If you can’t commit to measuring your brand investments, then scale them way back. Or put much more effort into assessing their impact on the business and hold yourself accountable.

Stop buying leads. Joe Chernov of InsightSquared recently published a fantastic article on the rise of account-based marketing and marketing’s unhealthy obsession with the MQL. Many marketing departments operate on a spreadsheet model that sets MQL targets based on revenue goals and historical conversion metrics. That’s great, you should absolutely create that model. But your spreadsheet model is going to show that you need to create an unsustainable number of MQLs each quarter. This puts pressure on marketing to run expensive cost-per-lead programs to hit the lead commit. These less qualified leads then make your conversion rates worse, leading to your spreadsheet model telling you that you need even more leads next quarter.

This approach is broken. As Joe puts it:

Sales teams don’t need a torrent of minimally qualified leads; they need air cover.

Investing in account-based marketing is potentially a much more effective way for you to reach the companies who can actually buy your product. And it will help you better align sales and marketing by focusing efforts on a specific set of companies.

Take a hard look at events. Events can be difficult to scale back because they are often planned months or years in advance. But if you look closely, I bet you’ll find ways to cut back 10–20% from your budget without impacting the quality. People come to events to learn and network, so focus on the quality of your content and assembling the right people.


Some Practical Advice for Aspiring Tech CMOs

In no particular order, here are some of the lessons I’ve learned running marketing at three tech companies.

Your most important job is to recruit and retain exceptional people

Never forget that people are your most important asset. As a CMO, you’ll be in endless meetings: the weekly leadership meeting, the executive offsite, QBRs, territory reviews, weekly pipeline reviews, product strategy sessions. Endless. Meetings.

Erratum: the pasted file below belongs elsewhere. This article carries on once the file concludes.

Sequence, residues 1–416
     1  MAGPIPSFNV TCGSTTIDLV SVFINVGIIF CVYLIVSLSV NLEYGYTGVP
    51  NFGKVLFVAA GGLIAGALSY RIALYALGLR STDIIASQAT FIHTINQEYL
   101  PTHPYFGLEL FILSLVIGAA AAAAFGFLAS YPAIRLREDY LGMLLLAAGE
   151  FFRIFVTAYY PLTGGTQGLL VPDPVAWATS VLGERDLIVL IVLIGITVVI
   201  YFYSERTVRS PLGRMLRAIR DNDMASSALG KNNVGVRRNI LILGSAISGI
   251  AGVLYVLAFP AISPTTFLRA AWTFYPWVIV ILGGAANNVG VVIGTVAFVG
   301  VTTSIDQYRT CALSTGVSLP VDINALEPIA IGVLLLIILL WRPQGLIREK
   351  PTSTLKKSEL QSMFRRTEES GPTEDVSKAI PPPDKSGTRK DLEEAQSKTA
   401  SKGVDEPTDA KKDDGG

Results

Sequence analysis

Your calendar may be a mess, but you have to still find time to hire and develop your team. Make hiring your top priority, and personally review every candidate as long as you possibly can. Create and enforce a consistent hiring process for every candidate, to minimize the risk of hiring poorly. When I’ve hired poorly, it’s been because I broke process; ignoring obvious warning signs.

Don’t miss your weekly 1–1s with your direct reports. No excuses (wrote that for myself; I made too many excuses). Just don’t let anyone schedule over this time with your team. Make sure these meetings aren’t just a tactical review of todo items; instead focus them on strategic objectives and career development. If you’ve hired well, your team will insist on this. If you aren’t providing strategic coaching, they will leave and get it elsewhere.

Find the right balance between potential, passion, and experience in hiring

When I interviewed with Acquia in late 2012, they were one of the fastest growing tech companies on the planet. So why were they were considering me — and my measly 3 prior years of CMO experience — to run marketing?

Well, during my interview with Acquia CEO Tom Erickson, I was introduced to his P2 I3 philosophy — Passion, Potential, Integrity, Initiative, and Intelligence (sorry Tom if I got the order wrong). Tom explained these were more important predictors of success than experience alone (on a whiteboard, no less) and on that basis hired me as CMO of Acquia.

Experience is often really important, especially in roles like product marketing where domain expertise is beneficial. But don’t hire solely on experience, because experience alone is a poor predictor of success.

You won’t know how well aligned sales and marketing are until you miss a quarter

Every CMO chases the dream of sales and marketing alignment, but the true test is when you miss a quarter. At some point, you will. It happens to everyone. Then all your hard work and the conviction you had around your funnel in those weekly pipeline meetings is suddenly put into question.